Tuesday, February 16, 2016

How to Polish Copper

Copper is so hot right now. It seems like everywhere you look, you see gleaming copper. But, in reality, copper is really hard to keep shiny and polished. It develops a natural green patina from water exposure and gets dark and dull from heat exposure. J and I bought these gorgeous copper pots and pans more than ten years ago! They're by Martha Stewart Everyday and were only on the market for about 10 minutes, so we feel super lucky to have gotten some. We took them to Zurich with us, and then brought them back. We'll probably never get rid of them.

Over the years, I've tried every method of polishing from store bought to homemade polishes. Some were way messier than others, but one super cheap and easy way stood out and is my go-to. You'll never guess what the "polish" is.




It's tomato soup! I can't remember where I read that ketchup is a really great copper polish, but after trying it and making a huge mess a few times, I gave up on it. Another really messy method is the lemon and salt. It sounds so simple: just dip a lemon half in salt and rub it on the pans. There was salt and lemon everywhere! And my hands were burning. Ick. So for a long time, I didn't polish them at all and it showed. Then, just by accident, I discovered that Trader Joe's Creamy Tomato Soup does an awesome job.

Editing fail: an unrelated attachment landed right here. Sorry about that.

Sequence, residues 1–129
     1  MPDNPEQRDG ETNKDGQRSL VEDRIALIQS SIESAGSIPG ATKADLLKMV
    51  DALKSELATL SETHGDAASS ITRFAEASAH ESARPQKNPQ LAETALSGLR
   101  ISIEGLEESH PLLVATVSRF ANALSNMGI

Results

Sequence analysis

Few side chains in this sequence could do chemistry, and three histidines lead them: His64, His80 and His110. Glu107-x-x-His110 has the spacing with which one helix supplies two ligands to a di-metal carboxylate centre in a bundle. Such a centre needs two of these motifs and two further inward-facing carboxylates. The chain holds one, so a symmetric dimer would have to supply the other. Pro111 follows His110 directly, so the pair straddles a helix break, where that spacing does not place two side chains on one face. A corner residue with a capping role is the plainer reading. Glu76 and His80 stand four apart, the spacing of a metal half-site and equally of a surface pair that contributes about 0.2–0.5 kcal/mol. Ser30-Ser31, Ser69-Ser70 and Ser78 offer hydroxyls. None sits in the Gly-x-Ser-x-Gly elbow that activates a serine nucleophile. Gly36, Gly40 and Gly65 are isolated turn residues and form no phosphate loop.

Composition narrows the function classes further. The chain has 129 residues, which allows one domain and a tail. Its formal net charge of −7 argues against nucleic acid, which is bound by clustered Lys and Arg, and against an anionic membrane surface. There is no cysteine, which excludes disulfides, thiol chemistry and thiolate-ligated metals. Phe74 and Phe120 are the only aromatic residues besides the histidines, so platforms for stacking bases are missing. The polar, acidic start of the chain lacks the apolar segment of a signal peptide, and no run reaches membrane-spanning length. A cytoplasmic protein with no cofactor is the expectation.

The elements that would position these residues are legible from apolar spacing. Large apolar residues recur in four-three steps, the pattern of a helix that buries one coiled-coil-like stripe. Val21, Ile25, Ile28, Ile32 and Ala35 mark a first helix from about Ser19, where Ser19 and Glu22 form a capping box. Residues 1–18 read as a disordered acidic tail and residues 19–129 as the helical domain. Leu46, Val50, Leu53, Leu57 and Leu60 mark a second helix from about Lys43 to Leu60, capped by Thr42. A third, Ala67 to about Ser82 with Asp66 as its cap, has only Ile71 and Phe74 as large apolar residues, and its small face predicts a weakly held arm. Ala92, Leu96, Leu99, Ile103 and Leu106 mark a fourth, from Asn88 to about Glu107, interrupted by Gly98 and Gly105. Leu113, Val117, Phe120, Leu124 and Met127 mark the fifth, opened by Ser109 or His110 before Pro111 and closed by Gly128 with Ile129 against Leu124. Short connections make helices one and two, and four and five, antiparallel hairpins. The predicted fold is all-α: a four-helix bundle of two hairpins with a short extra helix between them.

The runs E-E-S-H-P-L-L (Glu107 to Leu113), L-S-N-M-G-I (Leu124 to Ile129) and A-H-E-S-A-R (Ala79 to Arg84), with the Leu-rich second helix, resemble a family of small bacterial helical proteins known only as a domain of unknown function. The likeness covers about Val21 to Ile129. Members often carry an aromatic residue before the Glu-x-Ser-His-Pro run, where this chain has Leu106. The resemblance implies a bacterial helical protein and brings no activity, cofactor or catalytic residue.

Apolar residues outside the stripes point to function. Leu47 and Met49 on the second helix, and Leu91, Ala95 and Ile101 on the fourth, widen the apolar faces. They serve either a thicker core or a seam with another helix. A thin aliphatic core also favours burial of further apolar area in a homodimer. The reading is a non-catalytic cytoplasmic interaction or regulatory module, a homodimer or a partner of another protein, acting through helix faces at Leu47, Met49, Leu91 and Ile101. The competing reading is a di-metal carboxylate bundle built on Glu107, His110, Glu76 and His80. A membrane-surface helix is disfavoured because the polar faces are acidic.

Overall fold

This is the pan we use to boil pasta or potatoes and make popcorn. As you can see, the high temps have really taken their toll.
Sometimes, I just dump the leftover soup over the pans and let them sit in the sink for a while. But, to get more even results, I set up with the following:

  • Large jelly roll pan
  • Brush
  • Soup
  • Newspapers
It's important not to use long strokes as that can spread patina around. Small strokes, dipping often is the way to apply.
Once they've dried a bit, apply a second coat. Then leave to sit at least four hours, preferably overnight.
Using the jelly roll pan keeps all the mess in one place and makes clean up a snap. 
To remove, just hand wash in warm, soapy water and let air dry.
It can sometimes take a few applications to get them absolutely perfect, but I like them to look a little rustic instead of totally perfect. 
Repeat as needed, or just whenever you have grilled cheese and tomato soup! That's what I do and the two serve as motivation for each other, which works for me. ;) 

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